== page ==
by Pat Kelley, ACE
The term “carpet beetle” is frequently used in reference to the little beetles and “worms”
that quietly munch away at rugs and carpets beneath our feet. The truth is that these beetles, in the family called Dermestidae, will eat a wide variety of materials. Their food can include processed food for human consumption, dead animals/insects, feathers, furs, and yes, they will also eat the natural fibers found in woolen rugs and carpeting.
The most common carpet beetles consist of these six species: Black carpet beetle, Attagenus unicolor; Brown carpet beetle, Attagenus elongates; Common carpet beetle, Anthrenus scrophulariae; Furniture carpet beetle, Anthrenus flavipes; Guernsey carpet beetle Attagenus sarnicus; Varied carpet beetle, Anthrenus verbasci.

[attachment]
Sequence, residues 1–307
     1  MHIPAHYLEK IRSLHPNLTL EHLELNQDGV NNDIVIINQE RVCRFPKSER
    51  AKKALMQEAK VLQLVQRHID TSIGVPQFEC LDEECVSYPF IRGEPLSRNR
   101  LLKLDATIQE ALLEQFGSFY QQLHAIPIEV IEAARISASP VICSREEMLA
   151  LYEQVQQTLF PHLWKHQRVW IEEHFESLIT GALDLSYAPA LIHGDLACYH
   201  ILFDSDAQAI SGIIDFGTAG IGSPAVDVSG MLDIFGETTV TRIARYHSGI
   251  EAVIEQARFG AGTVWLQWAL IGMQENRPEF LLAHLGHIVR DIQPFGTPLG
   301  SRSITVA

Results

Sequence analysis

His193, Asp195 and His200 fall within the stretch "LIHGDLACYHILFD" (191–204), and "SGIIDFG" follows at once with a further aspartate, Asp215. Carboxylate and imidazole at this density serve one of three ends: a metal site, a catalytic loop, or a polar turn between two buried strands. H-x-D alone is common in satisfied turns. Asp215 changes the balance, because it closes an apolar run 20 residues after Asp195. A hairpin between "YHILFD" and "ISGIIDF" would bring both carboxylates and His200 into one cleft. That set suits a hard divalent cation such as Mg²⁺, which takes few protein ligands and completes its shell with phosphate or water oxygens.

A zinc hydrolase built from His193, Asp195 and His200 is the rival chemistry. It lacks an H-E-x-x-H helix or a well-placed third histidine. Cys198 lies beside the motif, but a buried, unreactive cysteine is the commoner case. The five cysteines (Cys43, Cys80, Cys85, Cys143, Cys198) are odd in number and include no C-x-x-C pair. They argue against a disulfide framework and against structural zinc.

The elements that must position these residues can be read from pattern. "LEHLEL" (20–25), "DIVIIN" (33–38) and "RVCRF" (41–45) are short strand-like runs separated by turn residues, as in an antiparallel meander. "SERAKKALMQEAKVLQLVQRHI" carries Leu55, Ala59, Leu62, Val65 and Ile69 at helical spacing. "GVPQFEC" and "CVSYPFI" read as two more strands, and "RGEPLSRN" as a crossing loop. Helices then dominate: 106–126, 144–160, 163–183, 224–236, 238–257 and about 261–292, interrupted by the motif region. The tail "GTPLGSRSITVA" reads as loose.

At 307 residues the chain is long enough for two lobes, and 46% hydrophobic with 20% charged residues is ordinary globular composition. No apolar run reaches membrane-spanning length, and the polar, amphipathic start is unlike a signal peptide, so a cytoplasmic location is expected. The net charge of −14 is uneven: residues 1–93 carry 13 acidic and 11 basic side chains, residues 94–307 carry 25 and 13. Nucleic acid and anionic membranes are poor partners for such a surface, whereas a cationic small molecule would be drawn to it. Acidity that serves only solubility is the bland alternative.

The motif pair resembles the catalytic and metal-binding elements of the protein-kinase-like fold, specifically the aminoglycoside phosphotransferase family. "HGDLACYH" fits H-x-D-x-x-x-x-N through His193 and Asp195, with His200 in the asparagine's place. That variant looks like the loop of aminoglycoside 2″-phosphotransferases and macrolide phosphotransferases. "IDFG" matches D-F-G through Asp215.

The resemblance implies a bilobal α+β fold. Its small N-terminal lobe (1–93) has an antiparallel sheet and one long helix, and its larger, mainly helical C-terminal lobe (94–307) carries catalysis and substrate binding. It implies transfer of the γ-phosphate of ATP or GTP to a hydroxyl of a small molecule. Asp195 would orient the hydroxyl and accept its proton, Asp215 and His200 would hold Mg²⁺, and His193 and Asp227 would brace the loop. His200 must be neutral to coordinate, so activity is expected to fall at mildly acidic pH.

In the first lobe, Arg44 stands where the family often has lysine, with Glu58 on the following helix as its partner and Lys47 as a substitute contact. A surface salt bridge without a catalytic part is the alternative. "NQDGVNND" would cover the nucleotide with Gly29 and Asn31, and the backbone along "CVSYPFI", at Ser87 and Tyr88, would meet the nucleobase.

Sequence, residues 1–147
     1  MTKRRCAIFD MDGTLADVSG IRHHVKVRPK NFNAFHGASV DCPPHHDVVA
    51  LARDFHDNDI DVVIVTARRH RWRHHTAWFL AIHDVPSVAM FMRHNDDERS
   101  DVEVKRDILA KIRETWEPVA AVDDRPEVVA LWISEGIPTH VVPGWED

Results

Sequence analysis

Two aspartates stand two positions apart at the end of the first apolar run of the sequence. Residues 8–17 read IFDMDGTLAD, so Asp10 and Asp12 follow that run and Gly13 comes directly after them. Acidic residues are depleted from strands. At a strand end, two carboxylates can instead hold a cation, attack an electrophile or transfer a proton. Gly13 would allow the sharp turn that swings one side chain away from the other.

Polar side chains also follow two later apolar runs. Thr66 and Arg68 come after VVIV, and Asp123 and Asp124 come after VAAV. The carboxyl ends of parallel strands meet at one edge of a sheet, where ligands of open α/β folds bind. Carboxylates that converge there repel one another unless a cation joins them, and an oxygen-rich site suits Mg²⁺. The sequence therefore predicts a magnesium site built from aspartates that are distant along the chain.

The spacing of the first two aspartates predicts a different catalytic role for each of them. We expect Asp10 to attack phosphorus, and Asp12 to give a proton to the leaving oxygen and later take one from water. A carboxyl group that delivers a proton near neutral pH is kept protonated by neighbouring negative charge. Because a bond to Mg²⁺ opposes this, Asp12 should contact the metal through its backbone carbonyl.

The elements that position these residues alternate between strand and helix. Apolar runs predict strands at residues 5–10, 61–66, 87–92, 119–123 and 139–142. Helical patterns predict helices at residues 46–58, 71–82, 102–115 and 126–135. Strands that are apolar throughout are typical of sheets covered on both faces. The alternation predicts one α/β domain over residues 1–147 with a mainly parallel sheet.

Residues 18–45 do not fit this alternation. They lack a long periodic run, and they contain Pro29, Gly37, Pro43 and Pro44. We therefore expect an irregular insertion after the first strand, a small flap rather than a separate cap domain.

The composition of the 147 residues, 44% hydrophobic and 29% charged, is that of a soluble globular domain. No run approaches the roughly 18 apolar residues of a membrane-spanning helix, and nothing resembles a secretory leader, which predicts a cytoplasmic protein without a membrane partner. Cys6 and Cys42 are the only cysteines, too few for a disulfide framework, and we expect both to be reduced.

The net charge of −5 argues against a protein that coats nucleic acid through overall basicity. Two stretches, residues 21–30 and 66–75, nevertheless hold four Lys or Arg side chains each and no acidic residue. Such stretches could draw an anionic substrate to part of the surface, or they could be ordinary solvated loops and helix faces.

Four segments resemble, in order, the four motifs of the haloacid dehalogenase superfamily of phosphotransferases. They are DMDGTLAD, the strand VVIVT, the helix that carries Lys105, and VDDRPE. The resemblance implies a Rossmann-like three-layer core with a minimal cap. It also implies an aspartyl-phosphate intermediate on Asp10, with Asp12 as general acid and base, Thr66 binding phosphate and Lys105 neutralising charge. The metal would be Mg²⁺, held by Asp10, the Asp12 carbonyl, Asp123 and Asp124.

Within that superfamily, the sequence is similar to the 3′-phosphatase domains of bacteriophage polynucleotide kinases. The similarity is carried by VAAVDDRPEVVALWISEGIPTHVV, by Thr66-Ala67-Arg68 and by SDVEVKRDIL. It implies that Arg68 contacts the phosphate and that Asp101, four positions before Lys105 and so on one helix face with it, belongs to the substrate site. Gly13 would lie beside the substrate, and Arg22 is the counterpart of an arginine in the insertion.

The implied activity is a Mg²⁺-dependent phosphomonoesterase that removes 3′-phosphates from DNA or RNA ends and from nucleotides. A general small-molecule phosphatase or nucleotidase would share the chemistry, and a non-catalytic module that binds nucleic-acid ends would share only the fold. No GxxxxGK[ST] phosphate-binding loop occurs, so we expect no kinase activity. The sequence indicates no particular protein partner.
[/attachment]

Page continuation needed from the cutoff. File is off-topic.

The adult beetles become active in the warming springtime of temperate climates. They can be found feeding on the pollens of Spirea flowers as well as other flowering plants. Mating often occurs outdoor, after which the females come indoor looking for food sources on which to lay their eggs. An accumulation of dead insects in attics, window wells, ductwork, or in wall voids can attract the initial females as a good food source for her young larvae. The larvae can then transfer over to carpeting or other available food sources nearby. The larval stage does the most damage to stored goods as they are ravenous eaters. When inspecting for carpet beetles it always helps to “know your pest first.” By knowing the biology of the beetles and the wide potential of food sources for these insects, you now know that you need to look much farther than just the carpeting to find potential infestations. Pheromone traps are available but are specific for each species. Larval dermestid monitors can be used to detect for the larval stage.